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CITY TRIBUNE

Students face paying €1,500 more in rent for academic year

Enda Cunningham

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Galway City Tribune – Private rented accommodation will cost students in Galway City an average of €1,500 extra for the 2018/19 academic year compared to the last year, according to new research.

It has led to a fresh warning that students will again be forced out of education because of financial strain.

Figures from property website Daft.ie show that rents in private accommodation in Galway City are up around 16% in the past year, and are now averaging €1,189 per month (up from an average of €1,026 a year ago).

In fact, rents are now up by just over 80% since the rental market trough at the end of 2011 – an average increase of around €530 per month or €4,770 for the academic year.
This is a preview only. To read the rest of this article, see this week’s Galway City Tribune. Buy a digital edition of this week’s paper here.

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CITY TRIBUNE

Seanad hears Galway badly needs new wastewater treatment plant

Dara Bradley

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Mutton Island: a new treatment plant for the east side of the city would ease pressure.

An infrastructure deficit, including insufficient wastewater treatment, will hold back Galway’s growth, the Seanad has heard.

Peter Burke, Minister of State with responsibility for Local Government and Planning, warned the future development of Galway, including more housing, could be stifled by an “infrastructural gap”.

“If the infrastructure is not there, development will be held back and the city will be unable to unlock its potential, provide alternatives such as affordable homes to people and improve infrastructure in general,” he said.

Minister Burke said Irish Water was ‘key’ to filling the infrastructure gap; and pledged to raise the matter with his senior Housing Minister, Darragh O’Brien, who has responsibility for Irish Water.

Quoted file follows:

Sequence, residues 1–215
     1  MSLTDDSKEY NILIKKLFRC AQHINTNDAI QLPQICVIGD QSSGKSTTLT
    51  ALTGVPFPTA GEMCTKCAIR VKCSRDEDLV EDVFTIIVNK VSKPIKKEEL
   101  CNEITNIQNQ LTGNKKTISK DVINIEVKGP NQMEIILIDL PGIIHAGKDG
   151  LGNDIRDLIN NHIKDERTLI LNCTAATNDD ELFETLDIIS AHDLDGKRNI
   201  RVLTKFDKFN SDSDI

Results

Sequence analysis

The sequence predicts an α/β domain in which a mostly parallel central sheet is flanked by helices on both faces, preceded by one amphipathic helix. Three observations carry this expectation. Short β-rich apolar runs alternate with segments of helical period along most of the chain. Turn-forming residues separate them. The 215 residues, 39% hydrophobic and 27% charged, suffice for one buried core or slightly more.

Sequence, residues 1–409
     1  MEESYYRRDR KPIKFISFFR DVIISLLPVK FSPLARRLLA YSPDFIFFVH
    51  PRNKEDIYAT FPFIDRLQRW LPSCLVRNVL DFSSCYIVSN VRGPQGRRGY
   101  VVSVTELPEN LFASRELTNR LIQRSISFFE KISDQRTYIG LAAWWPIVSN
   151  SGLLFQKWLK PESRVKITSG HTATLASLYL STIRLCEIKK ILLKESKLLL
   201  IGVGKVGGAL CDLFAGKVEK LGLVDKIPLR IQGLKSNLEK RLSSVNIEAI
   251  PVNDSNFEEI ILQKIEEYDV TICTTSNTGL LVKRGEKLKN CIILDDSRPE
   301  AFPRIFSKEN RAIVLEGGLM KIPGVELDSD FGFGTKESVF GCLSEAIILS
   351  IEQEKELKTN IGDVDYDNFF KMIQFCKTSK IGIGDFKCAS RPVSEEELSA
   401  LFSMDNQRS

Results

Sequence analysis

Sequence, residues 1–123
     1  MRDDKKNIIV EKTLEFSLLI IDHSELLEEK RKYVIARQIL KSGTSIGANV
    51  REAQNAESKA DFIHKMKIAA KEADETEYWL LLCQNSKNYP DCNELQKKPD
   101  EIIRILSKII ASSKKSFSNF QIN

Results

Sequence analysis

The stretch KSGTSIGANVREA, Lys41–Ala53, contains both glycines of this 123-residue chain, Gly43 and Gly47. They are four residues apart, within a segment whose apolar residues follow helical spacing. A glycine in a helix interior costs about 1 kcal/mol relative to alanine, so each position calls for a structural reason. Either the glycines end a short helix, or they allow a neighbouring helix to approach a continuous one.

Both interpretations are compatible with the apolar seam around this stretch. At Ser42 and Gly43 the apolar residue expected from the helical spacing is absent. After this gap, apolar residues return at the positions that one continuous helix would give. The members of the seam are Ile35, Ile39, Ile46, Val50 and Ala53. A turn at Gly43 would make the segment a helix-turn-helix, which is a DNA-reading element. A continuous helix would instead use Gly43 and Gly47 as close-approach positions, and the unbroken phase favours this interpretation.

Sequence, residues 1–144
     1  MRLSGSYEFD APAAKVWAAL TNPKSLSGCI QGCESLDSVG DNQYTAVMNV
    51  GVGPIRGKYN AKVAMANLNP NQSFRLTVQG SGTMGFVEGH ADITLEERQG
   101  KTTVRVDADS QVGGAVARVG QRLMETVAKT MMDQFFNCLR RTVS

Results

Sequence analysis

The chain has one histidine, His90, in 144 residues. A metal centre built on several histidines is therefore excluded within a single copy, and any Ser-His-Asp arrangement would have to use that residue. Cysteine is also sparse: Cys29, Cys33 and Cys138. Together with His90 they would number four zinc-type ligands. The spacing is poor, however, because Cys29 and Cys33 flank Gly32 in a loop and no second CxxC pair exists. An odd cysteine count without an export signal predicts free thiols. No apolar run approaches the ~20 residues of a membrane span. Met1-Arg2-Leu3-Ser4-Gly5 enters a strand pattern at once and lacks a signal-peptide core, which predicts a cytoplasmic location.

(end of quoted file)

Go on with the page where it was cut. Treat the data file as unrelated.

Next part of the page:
He was responding to Galway senator, Seán Kyne, who said the development of a new wastewater treatment plant was “badly needed” if new housing is to be provided.

“We cannot talk about housing unless sufficient wastewater treatment is in place. We need action and progress on this,” said the Fine Gael senator.

Various plans project population growth of 40,000 in Galway City bringing it to 120,000 by 2040 but ‘one major limitation’ of reaching that target is a lack of wastewater treatment facilities.

For more, read this week’s Galway City Tribune.

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CITY TRIBUNE

Forster Court seeks to extend facilities into former tourist office

Enda Cunningham

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Expansion plan: the Forster Court Hotel and former tourist office. PHOTO: JOE O'SHAUGHNESSY.

Plans have been drawn up to expand the Forster Court Hotel into the adjoining former tourist office building – to help strengthen the business’ economic viability.

It will see new conference facilities added, as well as new bedrooms.

The Connacht Hospitality Group – which operates the hotel – has sought permission to amalgamate the building with the former tourist office.

The changes will involve the creation of an enlarged restaurant bar area and a new conference centre reception. On the first floor will be 11 new suites (one of which will replace an existing room).

Both buildings are owned by the Comer Group and leased to Connacht Hospitality.

The 50-bed hotel opened in 2000, but closed down in 2015 and remained vacant for two years following a flood.

According to a planning application lodged with Galway City Council: “The proposed development and amalgamation of the two buildings will bring back into use and existing vacant city centre building, on a key city centre site, which would otherwise be at risk of long-term vacancy and potentially fall into disrepair as a result of disuse.”

A new reception area at the ground floor of the tourist office will include stairs and lift to the new basement conference centre.